INHABITS, for the most part, marshes and woods, and is of a black or brown colour; his flesh is very tender and good for food. The Wild Boar is the original of the hog kind, but more sagacious and cleanly; his tusks are sometimes near a foot in length, and have often proved dangerous to men as well as to dogs in the chace. His life is confined to about thirty years; his food consists of vegetables, but when pressed by hunger, he devours animal flesh. This creature is strong and fierce, and undauntedly turns against his pursuers. The Boar of Calydon killed by Atalanta is often mentioned in mythological poetry. The Boar has two tusks, but much less than those of the wild one; the Sow has none; from the back of the head to the tail, the chine is covered with long and hard bristles, of which great use is made in several trades. In forests they live upon acorns, and their flesh then is much preferable to that of the confined ones, who feed on any filthy things that are in their way. The Hog and Sow live about fifteen or twenty years. This species stands alone in nature, as it bears resemblance to no other.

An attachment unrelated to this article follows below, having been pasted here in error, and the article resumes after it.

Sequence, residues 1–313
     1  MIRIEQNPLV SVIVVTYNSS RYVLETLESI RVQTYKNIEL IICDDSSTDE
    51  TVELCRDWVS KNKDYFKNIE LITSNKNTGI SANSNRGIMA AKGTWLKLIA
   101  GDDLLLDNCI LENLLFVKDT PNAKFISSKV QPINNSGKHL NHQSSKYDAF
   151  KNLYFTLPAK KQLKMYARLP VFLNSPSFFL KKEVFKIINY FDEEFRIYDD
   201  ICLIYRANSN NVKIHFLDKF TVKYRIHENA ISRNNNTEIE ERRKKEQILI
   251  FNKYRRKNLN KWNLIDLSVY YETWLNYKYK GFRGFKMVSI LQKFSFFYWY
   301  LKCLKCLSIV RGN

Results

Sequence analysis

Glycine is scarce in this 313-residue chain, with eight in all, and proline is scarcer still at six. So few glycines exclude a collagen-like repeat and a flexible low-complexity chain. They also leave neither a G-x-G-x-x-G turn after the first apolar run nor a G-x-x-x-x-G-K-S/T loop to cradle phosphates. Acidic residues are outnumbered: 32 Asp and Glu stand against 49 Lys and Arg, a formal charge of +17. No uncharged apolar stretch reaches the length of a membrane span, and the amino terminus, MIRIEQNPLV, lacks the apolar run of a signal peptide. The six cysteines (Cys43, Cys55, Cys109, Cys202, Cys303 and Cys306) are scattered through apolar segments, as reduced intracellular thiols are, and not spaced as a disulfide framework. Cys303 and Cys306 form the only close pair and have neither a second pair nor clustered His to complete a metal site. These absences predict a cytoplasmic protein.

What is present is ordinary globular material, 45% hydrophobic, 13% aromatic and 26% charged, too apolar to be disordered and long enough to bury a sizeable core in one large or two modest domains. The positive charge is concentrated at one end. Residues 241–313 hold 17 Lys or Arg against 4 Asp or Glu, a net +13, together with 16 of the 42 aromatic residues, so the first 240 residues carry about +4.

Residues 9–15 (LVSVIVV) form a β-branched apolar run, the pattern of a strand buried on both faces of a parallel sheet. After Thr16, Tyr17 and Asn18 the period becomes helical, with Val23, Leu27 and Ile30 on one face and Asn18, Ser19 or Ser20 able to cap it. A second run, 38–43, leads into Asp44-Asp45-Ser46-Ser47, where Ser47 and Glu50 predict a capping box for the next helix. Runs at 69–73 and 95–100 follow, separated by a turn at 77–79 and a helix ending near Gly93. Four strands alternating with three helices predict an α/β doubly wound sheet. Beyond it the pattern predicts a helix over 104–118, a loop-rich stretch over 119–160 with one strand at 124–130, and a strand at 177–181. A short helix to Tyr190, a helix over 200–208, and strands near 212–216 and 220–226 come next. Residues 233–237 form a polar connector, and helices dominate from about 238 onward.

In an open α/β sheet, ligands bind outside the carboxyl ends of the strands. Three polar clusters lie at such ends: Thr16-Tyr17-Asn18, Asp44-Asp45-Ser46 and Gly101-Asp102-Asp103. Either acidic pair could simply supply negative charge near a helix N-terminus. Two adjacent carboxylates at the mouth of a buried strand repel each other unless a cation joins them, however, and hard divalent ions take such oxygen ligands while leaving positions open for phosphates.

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My name's Jenny, I'm in my late-thirties, from Glasgow and I'm your friendly local (as everything online has become) Scottish historian. View all posts by FlikeNoir